‘Faces Places’ with Agnès Varda and JR

From high art in the gallery (my last post) to street art, here catching the last chance for a Paris in July entry, I’m presenting the fascinating documentary, a road movie of making art in the open milieu of villages and among the working populace. Faces Places (2017) is an account of the venerable auteur of the Nouvelle Vague (The French New Wave: Goddard, Truffaut…) Agnès Varda (1928-2019), then at 89, going on a road trip with photographer and artist JR to scout for ordinary people to photograph in various obscure locales in France.

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Their larger than life photo prints are then pasted onto buildings or open places for everyone to view, evoking the shared joy of living, working, and the collective memory of a meaningful past. Like this one with photos of pioneer miners pasted on a row of dilapidated homes slated for demolition in a miners’ community. The one remaining homeowner who refused to vacate her house was moved to tears upon seeing the completion of the project.

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Art undefined and unconfined, once pasted onto these surfaces, JR’s black-and-white photographic images convert the whole building or structure into an art form. The world is his canvas. Unlike Banksy, JR is transparent with his creative process, and lets the public view his work in progress. A TED Prize winner (2011), his large-scale, participatory art projects are installed all over the world, albeit sometimes illegally according to local laws, but the people welcomed him.

At age 89, Agnès Varda became the oldest nominee in Oscar history when Faces Places was nominated for Best Documentary for the 2018 Academy Awards. It’s now on DVD and Blu-ray. Her numerous older works may not be accessible for us so readily. Check your streaming or on demand services. I was able to watch two of her excellent films Vagabond (1985) and Cleo from 5 to 7 (1962, click on link to my review). Don’t miss this short clip on IMDb “Agnès Varda in Memoriam”.

The soul-stirring original music by Matthieu Chedid complement the meaningful duo collaboration. At the beginning, JR talks with Varda to organize the making of their joint project. We see them exchange the following dialogues:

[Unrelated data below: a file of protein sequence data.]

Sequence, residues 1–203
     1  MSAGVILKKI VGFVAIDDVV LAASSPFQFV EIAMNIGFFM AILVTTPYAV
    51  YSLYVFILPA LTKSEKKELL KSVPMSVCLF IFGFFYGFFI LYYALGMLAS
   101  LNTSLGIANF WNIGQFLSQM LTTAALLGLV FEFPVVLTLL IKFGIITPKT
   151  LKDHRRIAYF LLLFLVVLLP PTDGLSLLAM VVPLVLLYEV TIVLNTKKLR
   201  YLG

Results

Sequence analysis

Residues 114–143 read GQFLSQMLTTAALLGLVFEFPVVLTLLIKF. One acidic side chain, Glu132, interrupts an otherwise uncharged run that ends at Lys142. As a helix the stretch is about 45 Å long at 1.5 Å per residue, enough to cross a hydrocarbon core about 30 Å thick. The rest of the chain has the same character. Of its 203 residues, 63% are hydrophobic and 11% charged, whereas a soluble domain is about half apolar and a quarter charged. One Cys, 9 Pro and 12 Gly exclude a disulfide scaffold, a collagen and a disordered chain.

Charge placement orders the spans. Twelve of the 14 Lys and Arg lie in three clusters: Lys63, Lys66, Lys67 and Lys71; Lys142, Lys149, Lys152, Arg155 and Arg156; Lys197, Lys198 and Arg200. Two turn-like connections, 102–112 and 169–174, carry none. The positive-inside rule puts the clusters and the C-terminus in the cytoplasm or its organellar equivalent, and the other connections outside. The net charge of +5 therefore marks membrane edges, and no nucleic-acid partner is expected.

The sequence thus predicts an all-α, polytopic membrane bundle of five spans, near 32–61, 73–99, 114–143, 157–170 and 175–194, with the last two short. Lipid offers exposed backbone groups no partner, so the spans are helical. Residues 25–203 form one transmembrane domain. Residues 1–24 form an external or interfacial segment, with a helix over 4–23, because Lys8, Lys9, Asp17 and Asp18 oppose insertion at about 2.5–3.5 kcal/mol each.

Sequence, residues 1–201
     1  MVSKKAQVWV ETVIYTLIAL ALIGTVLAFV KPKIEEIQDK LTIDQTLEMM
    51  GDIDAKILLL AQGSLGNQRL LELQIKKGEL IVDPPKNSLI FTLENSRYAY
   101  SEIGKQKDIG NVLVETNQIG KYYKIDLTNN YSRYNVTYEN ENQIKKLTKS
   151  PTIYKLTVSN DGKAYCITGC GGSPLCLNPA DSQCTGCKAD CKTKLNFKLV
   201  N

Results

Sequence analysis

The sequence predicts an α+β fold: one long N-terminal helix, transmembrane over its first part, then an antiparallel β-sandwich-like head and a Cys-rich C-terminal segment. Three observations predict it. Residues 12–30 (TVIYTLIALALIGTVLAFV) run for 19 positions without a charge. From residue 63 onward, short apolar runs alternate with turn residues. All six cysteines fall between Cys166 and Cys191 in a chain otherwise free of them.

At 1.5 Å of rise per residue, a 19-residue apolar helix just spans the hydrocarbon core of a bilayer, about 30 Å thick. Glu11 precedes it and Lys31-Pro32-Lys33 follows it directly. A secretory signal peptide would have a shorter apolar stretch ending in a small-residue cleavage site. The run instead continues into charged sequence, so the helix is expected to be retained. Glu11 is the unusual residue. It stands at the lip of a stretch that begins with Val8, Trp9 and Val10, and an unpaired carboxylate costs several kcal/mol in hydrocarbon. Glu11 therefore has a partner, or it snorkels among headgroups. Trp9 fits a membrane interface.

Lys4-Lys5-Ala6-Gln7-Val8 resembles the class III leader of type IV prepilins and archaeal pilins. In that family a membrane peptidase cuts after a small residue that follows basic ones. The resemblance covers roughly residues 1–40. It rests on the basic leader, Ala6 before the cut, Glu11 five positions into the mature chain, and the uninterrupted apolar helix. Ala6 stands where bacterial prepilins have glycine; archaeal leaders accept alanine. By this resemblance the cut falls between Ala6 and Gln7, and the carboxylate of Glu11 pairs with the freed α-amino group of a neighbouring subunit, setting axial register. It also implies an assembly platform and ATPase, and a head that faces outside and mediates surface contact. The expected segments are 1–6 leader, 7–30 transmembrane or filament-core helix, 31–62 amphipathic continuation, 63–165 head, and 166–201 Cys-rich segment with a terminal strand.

AV:  What I like was meeting amazing people by chance.

JR:  So you want to carry on that way, with no plan or itinerary?

AV:  Yes. Chance has always been my best assistant.

JR:  Do you think chance will work for both of us?

AV:  Maybe.

From the film, we can see chance had worked for both of them marvellously.

 

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~ ~ ~ ~ Ripples

 

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Paris in July is hosted by Tamara at Thyme for Tea

PIJ2019 Tamara

Other Paris in July 2019 Posts on Ripples:

Pictures at an Exhibition 

‘Coco Before Chanel’ directed by Anne Fontaine

‘Gemma Bovery’ to cool your summer day

‘A Sunday in the Country’ is an Impressionist Cinematic Painting

Published by

Arti

If she’s not birding by the Pond, Arti’s likely watching a movie, reading, or writing a review.

13 thoughts on “‘Faces Places’ with Agnès Varda and JR”

  1. How fascinating, both as Art and as an observation of life. I love looking at real people, “ordinary” people, far more than I do the famous or social media personalities. We can learn so much, I think, from observing one another. I hope the homeowner who would not vacate his/her home is not forced to leave it…

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  2. I came across Varda by Agnes on a billboard at the cinema and then on Curzon streaming. It didn’t sound so great – a film maker I hadn’t heard of talking about their work, but once I started I was delighted to be able to watch at a pace where I could go back to make sure I understood all the French, Agnes has a beautiful clear voice. At the end I was sad to leave Agnes’s company and then delighted again when I came back to your review to find out that Faces Places is in the same format, where we get to spend time with this intelligent, creative woman. What an amazing creative force she was.

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    1. Denise,

      Varda by Agnes is her last work. I’ve been looking for it but can’t find it, not available in the three streaming services I have access to. We don’t have Curzon here. Varda has left a significant legacy when she died in March this year at age 90. Last May at Cannes, she and Cate Blanchett led 80 some women in the film industry to walk up the red carpet steps, a silent protest in support of equality in the film industry. Two films I highly recommend: ‘Vagabond’ is sadly haunting and ‘Cleo from 5 to 7’ is a must-see. Hope you can find those in your streaming service.

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  3. Thank you for sharing this. I have a DVD of Vagabond – and from time to time return to try and comprehend its depth. She’s a complex director. Worthy of awards.

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    1. You’re right, it’s moving esp. the end. I won’t give spoiler here in case somebody hasn’t seen it reading this… JR is one loving soul. I watched it on Blu-ray, the special features are good too.

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